A new spike in COVID-19 cases hit Le Sueur County in August, and it’s now affecting school reopenings.
On Sept. 1, Superintendent Marlene Johnson announced that the Le Sueur-Henderson School District was abandoning plans to hold in-person learning at Park and Hilltop Elementary at the beginning of the school year. Instead, the elementary schools, like the middle/high school, will be on a hybrid model.
“Due to the rising numbers of cases of COVID-19 in Le Sueur County, the Park Elementary and Hilltop Elementary will start school using the hybrid model instead of the full in-person model of learning,” Johnson said in a letter to parents. “This decision was made with data and feedback from the command/advisory group and the Le Sueur County Public Health Department.”
Under a full hybrid model, class sizes will be reduced for social distancing and elementary students will be in class four days a week while distance learning on Fridays. While distance learning students will use online tools, such as Google Classroom, to access their assignments and listen to live or recorded instruction from teachers. Attendance will be taken by students turning in their work on the following in-person school day.
On Thursday, Sept. 10 and Friday, Sept. 11, all elementary students will report on-site. Friday will be a distance learning day for Day 2 students at the Middle/High School and an in-person learning day for Day 1 students.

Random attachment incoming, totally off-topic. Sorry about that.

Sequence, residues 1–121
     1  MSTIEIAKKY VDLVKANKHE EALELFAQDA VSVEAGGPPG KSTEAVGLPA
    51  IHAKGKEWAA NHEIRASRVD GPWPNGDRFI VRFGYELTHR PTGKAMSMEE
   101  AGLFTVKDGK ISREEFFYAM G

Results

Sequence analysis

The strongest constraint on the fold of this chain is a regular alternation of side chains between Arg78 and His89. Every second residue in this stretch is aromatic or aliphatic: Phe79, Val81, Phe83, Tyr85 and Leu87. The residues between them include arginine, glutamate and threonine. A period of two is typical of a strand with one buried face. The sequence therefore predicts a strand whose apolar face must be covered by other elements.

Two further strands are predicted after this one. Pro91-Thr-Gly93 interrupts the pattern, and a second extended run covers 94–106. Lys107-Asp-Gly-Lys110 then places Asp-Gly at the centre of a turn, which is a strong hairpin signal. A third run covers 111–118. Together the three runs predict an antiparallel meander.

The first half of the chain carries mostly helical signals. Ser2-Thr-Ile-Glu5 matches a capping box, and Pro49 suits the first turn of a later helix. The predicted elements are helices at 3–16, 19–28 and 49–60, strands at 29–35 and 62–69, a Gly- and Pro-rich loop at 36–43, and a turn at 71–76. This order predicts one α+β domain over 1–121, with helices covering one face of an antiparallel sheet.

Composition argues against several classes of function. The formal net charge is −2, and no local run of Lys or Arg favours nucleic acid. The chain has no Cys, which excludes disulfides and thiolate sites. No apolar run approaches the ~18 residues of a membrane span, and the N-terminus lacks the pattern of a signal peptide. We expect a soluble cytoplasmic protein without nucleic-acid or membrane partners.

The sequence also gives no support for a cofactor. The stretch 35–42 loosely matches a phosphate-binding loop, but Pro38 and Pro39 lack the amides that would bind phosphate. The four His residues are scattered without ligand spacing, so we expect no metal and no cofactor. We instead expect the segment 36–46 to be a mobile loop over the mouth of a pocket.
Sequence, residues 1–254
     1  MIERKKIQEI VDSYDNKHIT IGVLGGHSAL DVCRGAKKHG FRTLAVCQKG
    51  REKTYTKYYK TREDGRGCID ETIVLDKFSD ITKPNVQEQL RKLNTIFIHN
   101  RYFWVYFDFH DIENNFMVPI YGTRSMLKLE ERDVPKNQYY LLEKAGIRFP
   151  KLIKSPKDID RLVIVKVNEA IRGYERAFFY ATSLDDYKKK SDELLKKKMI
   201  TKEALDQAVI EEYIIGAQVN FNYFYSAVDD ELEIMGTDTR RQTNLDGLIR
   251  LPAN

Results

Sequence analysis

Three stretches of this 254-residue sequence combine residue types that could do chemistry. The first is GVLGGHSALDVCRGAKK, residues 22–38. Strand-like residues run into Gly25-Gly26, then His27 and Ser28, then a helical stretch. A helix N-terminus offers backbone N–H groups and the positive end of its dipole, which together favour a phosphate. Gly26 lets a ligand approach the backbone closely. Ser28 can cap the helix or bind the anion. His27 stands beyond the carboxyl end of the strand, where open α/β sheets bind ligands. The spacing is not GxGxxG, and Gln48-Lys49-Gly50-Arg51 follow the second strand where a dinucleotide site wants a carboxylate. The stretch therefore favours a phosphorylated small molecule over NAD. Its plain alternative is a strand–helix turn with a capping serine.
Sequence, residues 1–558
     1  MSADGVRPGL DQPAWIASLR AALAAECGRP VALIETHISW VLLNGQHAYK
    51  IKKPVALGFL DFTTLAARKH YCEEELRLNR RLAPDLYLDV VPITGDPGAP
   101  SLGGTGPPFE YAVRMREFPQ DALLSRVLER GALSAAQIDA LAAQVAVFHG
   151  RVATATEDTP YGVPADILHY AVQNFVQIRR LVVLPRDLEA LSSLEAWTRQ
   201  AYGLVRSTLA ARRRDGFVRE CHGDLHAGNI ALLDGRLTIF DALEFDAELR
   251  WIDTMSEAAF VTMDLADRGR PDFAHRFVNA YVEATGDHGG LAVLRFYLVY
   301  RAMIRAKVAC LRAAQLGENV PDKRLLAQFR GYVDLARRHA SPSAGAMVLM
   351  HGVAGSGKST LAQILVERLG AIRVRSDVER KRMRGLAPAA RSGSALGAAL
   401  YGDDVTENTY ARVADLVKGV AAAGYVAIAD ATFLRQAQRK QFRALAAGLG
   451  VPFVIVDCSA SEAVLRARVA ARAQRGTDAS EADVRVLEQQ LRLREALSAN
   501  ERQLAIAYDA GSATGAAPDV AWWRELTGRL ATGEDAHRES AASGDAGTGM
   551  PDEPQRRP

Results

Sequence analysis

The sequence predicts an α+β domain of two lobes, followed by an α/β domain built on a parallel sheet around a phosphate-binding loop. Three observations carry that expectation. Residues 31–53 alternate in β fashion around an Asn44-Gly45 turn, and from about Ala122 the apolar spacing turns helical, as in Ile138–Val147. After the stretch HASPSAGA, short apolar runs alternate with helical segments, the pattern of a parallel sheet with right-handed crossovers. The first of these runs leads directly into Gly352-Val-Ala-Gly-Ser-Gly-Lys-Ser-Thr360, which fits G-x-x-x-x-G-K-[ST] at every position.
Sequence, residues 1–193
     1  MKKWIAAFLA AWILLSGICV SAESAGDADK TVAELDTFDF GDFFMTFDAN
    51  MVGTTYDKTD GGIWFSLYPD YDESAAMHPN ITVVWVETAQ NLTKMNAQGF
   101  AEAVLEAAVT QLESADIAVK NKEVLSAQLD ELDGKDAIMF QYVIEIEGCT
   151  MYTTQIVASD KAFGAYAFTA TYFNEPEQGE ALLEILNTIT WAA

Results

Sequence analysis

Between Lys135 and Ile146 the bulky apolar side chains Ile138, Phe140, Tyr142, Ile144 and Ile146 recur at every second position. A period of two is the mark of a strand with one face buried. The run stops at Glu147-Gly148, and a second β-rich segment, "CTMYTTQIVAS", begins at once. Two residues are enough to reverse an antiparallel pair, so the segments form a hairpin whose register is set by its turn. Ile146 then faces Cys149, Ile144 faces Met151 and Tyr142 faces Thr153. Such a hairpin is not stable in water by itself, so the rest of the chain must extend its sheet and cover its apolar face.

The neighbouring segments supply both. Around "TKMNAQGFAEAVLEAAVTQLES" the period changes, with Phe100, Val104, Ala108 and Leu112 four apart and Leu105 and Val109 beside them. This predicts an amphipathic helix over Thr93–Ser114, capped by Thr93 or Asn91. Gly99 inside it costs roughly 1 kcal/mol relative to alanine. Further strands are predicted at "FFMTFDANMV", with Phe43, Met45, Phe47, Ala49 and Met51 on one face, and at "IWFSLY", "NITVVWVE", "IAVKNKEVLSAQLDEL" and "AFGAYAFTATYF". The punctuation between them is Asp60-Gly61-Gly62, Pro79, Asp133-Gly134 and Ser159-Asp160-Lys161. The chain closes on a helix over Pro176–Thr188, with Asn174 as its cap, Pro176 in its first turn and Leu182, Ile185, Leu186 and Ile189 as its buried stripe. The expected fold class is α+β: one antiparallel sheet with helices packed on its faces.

Le Sueur-Henderson plans to keep the full hybrid learning throughout the month of September for consistency and may consider switching to a different model in October, depending on county case counts.
The change in plans at the school district comes amid a sharp rise in county COVID cases. As of Sept. 1, Le Sueur County had reported 383 confrimed cases, with eight residents currently hospitalized. More than 50 confirmed cases were reported by the county in the past week, ending the month of August with more than 180 new cases. This outpaced the 113 cases reported in the month of July, which had the highest number of new cases on county record until the past few weeks.
Positive testing rates are also surpassing state averages. In the Minnesota Department of Health’s latest weekly report, 5.9% of cases tested in Le Sueur County were positive compared to the state average of 5.5%.
Le Sueur County Public Health Director Cindy Shaughnessy warned residents to be on guard. The director reported that the recent spike was the result of community spread, which had been confirmed by an epi-curve conducted by a county epidemiologist.
“People are just letting their guard down,” said Shaughnessy. “That’s not just Le Sueur County, that what we’re seeing statewide is people are gathering at backyard barbeques, weddings, funerals and not wearing masks, not social distancing.”
The negative impacts of rising cases has negative implications not just for public health, but for institutions like schools and nursing homes. Under state guidelines, county case numbers must be at a certain threshold in order for schools to implement certain learning models.